For the macrophile in search of fascinating subjects, colorful backgrounds, and technically challenging photography, look no further than the nearest stand of pollinating flowers. There you will invariably find buzzing, herky-jerky bumblebees bouncing from one flower to the next collecting pollen. How do you shoot something that is so small and in perpetual motion? After much trial and mostly error, here are some tips based on what’s worked for me:
- Choose overcast, shady, or tree-filtered light on warm days.
- Flash is a must for helping to freeze motion and giving pop and catch lights to an image. After trying dual- and ring-flashes, which proved great for tripod work but bulky for hand held close-up shooting, I use a Speedlite on-camera, bent to 45 degrees with the white card pulled out about an inch.
- I use a macro lens with 32 mm of extension tubes on my Canon 5D Mark II. A bit slow on the trigger, but the camera more than makes up for it with 21 MP, great processing, and the ability to crop without an appreciable drop in quality.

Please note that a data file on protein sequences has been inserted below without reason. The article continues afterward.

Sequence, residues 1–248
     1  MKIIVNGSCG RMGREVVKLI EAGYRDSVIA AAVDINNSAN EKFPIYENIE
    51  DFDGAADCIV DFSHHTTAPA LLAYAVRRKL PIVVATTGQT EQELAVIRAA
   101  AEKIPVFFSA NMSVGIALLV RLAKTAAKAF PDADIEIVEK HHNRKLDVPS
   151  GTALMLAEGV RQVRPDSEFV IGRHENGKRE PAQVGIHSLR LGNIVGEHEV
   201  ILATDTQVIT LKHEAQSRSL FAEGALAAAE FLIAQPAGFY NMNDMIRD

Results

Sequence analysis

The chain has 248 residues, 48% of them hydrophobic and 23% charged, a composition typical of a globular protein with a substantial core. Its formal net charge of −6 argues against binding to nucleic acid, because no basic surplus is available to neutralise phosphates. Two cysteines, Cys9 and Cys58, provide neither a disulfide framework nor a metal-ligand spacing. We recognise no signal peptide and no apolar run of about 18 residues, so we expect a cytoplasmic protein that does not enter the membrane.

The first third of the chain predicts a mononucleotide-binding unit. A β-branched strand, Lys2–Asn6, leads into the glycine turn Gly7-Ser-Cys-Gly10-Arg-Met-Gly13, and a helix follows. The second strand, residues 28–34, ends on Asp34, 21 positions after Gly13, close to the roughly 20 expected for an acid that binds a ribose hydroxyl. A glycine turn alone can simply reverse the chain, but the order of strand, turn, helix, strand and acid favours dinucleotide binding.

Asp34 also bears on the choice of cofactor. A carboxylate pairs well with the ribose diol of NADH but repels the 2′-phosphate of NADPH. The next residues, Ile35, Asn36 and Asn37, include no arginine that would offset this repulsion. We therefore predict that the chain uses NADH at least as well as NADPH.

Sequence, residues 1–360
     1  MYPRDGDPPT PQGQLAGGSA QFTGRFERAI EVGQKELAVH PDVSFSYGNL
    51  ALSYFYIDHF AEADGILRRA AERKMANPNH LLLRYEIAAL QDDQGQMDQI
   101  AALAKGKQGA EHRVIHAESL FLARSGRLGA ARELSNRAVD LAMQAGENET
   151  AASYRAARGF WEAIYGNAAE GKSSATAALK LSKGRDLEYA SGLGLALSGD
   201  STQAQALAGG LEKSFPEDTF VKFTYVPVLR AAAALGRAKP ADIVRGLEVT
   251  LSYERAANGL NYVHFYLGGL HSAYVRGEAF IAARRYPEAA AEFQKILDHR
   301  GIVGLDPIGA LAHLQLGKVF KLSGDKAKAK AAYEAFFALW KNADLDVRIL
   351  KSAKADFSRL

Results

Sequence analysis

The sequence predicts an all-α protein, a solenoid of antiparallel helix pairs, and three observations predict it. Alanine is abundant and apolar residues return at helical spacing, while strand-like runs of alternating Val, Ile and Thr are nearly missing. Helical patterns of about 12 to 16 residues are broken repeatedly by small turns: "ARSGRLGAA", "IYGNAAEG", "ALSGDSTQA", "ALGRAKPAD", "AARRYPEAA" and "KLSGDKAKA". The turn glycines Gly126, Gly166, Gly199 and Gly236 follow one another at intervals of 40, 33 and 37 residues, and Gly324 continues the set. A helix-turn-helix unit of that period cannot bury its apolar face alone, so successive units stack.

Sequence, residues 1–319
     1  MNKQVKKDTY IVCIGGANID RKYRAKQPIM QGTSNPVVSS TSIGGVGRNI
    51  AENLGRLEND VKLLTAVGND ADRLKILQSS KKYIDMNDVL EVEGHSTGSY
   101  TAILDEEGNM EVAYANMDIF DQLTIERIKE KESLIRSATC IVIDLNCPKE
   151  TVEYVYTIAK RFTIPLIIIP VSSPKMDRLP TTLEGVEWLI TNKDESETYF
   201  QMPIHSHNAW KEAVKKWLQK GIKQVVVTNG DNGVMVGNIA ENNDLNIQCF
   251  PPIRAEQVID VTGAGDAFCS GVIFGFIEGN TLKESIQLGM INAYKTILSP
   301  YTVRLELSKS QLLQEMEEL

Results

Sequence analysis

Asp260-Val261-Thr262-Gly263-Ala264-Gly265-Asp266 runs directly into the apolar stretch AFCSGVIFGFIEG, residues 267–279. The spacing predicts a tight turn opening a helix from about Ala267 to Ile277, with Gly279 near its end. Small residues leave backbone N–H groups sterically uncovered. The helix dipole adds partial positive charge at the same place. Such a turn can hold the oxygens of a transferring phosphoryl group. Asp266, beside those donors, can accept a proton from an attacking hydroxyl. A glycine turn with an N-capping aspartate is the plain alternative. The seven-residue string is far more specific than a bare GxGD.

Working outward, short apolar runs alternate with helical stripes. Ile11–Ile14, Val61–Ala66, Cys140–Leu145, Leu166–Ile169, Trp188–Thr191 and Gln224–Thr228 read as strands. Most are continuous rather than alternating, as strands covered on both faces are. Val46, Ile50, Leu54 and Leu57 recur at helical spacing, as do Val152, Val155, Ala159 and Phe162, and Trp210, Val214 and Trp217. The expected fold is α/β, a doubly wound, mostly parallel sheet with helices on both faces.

- Settings: f/11-f/16 (sweet spot of the lens and still great bokeh with this setup); ISO 800 (move up or down depending on how much background you want seen); Aperture mode; 1/60 sec (sufficient speed combined with the ETTL flash set near 0 EV)
- Focusing trick: use live view with manual focus holding the camera out and moving it quickly to focus range using live view as a fast guide. I know, seems impossible when bees move from one flower to the next every one or two seconds, but even a 1 in 10 chance of hitting the mark is infinitely better than the 1 in 100-200 I was getting before. Remember, focus on their eyes!
- Choose your light, color, and background ahead of time when possible. Set up and wait for the bees to come to you. Watch how some flowers require slower work by the bees, which gives you more time to shoot.
- Anticipate. Bees have a perceptible rhythm and habits. In the time it takes to depress the shutter, the bee may have already moved so sometimes you may want to shoot “before” they move in order to catch them in flight. Even then, though, it’s hard. Some bees are slower and more deliberate than others. Follow them.
- Shoot lots, weed later. Always have extra camera and flash batteries.
The payoff for shooting bee and flower images can be great for those willing to fail a lot and triumph occasionally.
Tags | Steve Russell